In Libya, the Gaddafi family's atrocious crimes against humanity proved indiscriminate; Shwygar Mullah was the nanny in Hannibal Gaddafi’s household. Mullah revealed to CNN the savage torture administered by Hannibal's wife, Aline Skaf. Skaf poured boiling water over her body on two occasions, the most recent after she refused to hit their son. She then forced Mullah to sleep outside without food or water for two days. Mullah endured a year of constant physical abuse without pay. Another victim carrying scars that mirror Mullah's was interviewed in Sudan, having escaped to his home country after Hannibal's security forces were destroyed. The man also fell victim to Skaf's favored choice of torture when he mistakingly damaged pieces from her laundry. In addition to a boiling water bath and forced sleep deprivation, the backs of his hands were ironed by Skaf's guards. It is critical to note that perhaps the most widely known, detailed case of abusive authority involves a dethroned figure who can no longer control the narrative.

Considering those in government positions have the privilege of privacy and influence, few cases of abuse have managed to escape into the media’s attention and reach the public eye. Abuse involving heads of state or government agencies only receives press coverage by chance, or by the ardent commitment of individuals opposed to the status quo. And in the rare cases government abuse manages to pass through media censors, the general public’s reaction is often apathetic at best. Despite constructing their buildings, raising their children, and working their industries, migrants remain nameless victims, members of an "other" group unworthy of public attention.

However, the limited reach of migrant advocates is largely the product of the region’s political reality. How can foreign governments, organizations, and activists effect positive change in countries whose leaders have personally spurned the concept of ‘migrant rights,’ at best demonstrating an economically-informed indifference to their plight? The repeated, belabored attempts by migrant-exporting nations, INGOS, and NGOS to enact equitable migrant legislation entails a process so slow it appears almost nonexistent. International and binational treaties designed to protect migrant workers often fade into much less tangible and rarely effective comprises. Foreign government agencies may procure a positive outcome in particular instances, but their success is often limited to case-by-case negotiations. They can rarely achieve the kind of broad-scale legislation necessary to protect migrants from day-to-day exploitation because such developments require the affirmation of universal equality, opportunity, and dignity that these regimes deny their own citizens.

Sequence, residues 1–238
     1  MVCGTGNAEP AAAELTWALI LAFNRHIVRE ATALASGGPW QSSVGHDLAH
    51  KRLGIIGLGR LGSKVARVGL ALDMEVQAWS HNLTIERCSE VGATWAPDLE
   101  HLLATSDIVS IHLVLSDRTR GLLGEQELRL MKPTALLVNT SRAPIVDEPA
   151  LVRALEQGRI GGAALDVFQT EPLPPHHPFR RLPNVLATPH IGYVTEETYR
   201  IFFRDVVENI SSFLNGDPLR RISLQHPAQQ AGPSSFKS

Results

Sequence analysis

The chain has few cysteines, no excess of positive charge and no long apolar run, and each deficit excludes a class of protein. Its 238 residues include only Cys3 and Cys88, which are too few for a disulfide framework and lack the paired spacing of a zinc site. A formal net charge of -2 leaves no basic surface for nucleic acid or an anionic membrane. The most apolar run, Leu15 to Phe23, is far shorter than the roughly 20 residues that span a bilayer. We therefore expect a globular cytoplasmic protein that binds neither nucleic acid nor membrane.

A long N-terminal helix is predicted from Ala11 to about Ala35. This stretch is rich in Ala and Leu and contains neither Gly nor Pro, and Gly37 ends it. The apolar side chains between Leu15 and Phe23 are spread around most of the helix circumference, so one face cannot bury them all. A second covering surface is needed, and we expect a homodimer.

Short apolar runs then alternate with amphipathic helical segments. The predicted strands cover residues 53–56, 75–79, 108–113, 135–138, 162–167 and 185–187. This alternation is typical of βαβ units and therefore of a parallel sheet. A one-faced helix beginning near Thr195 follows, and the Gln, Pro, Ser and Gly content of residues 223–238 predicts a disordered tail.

What supernatural powers must be summoned to influence those who legislate and enforce, who refuse to abide by the paltry morals they feign to uphold, and who refuse to justly punish infractions against the most basic principles of human rights? How can the political masters be persuaded to spend resources to encourage the public to treat migrant workers with basic respect, to enforce laws accompanied by substantive penalties to ensure the fair treatment of foreign workers, when they so brazenly refuse to acknowledge migrant workers’ humanity themselves? When literal kings, sultans, and the "democratic representatives" (in name only) view political change as a bargaining chip of last resort, rather than as a means of social and economic progress?